Collision and Comprehensive Car Insurance Coverage - NYCM Insurance Blog

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Feb 22, 2019

Collision and Comprehensive Car Insurance Coverage


If you’ve ever bought, or even researched car insurance you’ve probably come across the terms “collision coverage” and “comprehensive coverage”. While these are two common concepts in the insurance world, for the rest of us, figuring out what each coverage entails can be confusing. 

We can help clear it up. There are a number of factors to take into consideration when you’re deciding which type of car insurance is best for you.  For example, details like the value of your car, your personal risk of an accident, your current financial situation, and the area in which you live, all matter. So, what exactly is the difference between collision and comprehensive insurance and what do you need to know?

Collision Coverage in Car Insurance

Collision coverage is the part of your auto insurance policy that pays for damage to your own car resulting from an impact with another car or an object, such as a house, tree, etc. If you happen to be involved in a car accident, collision coverage is what you’ll need to repair the damage to your vehicle. 

While collision coverage is optional in New York State with a vehicle owned outright, it is highly recommended if you want to have your vehicle covered and protected. Financed or leased vehicles must have collision coverage. There is no required limit for your coverage, and the most common deductible is $500. 

It is important to remember that incidents like theft or weather-related damage from hail or falling branches are covered separately. Collision coverage does not cover damage to another person’s vehicle or medical bills as a result of the collision. 

Comprehensive Coverage in Car Insurance

Like collision coverage, comprehensive coverage is also optional and not required in New York State with vehicles owned outright. Comprehensive coverage is also required for financed or leased vehicles. Comprehensive coverage typically comes with a deductible of $200.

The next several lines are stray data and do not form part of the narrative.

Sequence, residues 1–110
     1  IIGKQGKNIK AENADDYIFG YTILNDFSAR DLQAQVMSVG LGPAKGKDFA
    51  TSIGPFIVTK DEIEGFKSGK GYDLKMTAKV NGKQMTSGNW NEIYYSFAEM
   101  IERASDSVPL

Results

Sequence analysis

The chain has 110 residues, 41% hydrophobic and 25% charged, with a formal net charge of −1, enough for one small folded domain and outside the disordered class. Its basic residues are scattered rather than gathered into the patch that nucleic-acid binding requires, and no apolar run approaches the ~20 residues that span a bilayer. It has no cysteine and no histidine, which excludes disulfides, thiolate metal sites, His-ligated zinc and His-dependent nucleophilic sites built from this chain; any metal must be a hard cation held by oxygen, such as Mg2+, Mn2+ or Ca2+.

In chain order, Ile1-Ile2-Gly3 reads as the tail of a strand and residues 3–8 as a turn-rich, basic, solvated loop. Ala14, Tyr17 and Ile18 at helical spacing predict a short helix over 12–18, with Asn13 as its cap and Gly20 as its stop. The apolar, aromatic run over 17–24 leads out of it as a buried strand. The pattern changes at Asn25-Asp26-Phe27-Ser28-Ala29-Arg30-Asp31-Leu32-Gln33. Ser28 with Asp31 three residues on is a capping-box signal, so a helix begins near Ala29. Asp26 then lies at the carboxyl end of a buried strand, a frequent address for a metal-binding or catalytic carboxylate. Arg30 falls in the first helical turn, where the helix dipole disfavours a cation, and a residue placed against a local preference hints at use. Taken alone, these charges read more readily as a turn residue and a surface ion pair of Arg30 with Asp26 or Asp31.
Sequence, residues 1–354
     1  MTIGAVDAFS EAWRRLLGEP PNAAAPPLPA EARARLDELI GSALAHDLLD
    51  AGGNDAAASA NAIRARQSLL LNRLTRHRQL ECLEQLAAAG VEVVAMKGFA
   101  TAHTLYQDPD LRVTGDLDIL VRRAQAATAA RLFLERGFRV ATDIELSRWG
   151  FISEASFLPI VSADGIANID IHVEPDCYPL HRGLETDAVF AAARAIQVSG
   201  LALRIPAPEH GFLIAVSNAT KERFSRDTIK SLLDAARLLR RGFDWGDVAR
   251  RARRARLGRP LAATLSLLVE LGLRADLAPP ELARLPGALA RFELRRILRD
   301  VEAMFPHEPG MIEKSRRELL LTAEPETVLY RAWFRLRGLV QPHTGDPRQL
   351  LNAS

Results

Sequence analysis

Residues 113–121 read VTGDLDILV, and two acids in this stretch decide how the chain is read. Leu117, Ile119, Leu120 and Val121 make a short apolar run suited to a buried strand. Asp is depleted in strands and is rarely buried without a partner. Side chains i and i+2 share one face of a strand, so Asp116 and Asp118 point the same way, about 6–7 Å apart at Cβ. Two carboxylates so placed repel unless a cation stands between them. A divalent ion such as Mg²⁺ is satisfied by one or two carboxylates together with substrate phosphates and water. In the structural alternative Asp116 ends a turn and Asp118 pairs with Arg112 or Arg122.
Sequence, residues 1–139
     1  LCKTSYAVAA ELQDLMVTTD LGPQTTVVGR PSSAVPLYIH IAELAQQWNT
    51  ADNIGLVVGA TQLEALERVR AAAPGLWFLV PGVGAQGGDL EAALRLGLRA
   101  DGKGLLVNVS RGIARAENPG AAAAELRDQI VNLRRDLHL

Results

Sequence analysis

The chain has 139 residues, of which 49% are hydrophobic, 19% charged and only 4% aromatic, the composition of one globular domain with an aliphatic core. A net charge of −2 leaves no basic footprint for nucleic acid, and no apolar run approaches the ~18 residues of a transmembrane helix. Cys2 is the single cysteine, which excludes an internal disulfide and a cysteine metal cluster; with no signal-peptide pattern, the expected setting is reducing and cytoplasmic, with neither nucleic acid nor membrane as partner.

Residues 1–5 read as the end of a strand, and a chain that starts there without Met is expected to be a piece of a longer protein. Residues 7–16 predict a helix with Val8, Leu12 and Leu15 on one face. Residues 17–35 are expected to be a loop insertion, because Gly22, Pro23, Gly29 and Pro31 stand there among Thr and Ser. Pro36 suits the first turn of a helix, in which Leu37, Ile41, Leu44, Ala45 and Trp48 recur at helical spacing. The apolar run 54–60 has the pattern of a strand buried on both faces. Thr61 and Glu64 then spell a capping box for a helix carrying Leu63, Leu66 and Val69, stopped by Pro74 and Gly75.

Like collision coverage, comprehensive coverage does not cover damage to another person’s vehicle that arise from a collision or medical expenses after an incident. However, comprehensive coverage does cover damages resulting from theft, vandalism, natural disasters, civil commotion, etc. 

If you’re unsure of which coverages you need, talk to your insurance agent.

Collision vs Comprehensive Insurance 

According to the New York State Department of Transportation, there is a statewide deer population of approximately 900,000, with an estimated 60,000 to 70,000 deer-vehicle accidents that occur throughout New York State each year. 

Unfortunately, even though the deer may have caused the damage, you are still responsible for the repairs. You might think that your automobile insurance will always cover the damages, however that is not the case if you do not have comprehensive coverage included in your auto policy. Comprehensive, not collision, is the coverage that ensures you’ll be reimbursed for the damage to your auto mobile if you hit an animal, like a deer. While this is a major concern for New York drivers who live in more rural areas, if you rarely find yourself out of a city, chances are you won’t be running into many deer. 

However, if you commute to work using popular highways like Interstate 90 or the Adirondack Northway, accidents in the morning and evening are common. This puts you at a greater risk for a collision than someone who works from home. 

Additionally, the age and condition of your car should factor into your purchasing decision. If you have an older model vehicle with minor cosmetic damage, like scratches or dents, think carefully about how much you’d be willing to pay for repairs in the event of an accident. If you feel like the additional insurance premium and  $500 repair deductible would be better used toward the purchase of a new car, you may not need collision coverage. 

These circumstances are a major factor in determining your coverage needs, which is why it’s always helpful to talk to an agent before you purchase coverage. If your circumstances change, that’s fine too, you can always update your policy. 


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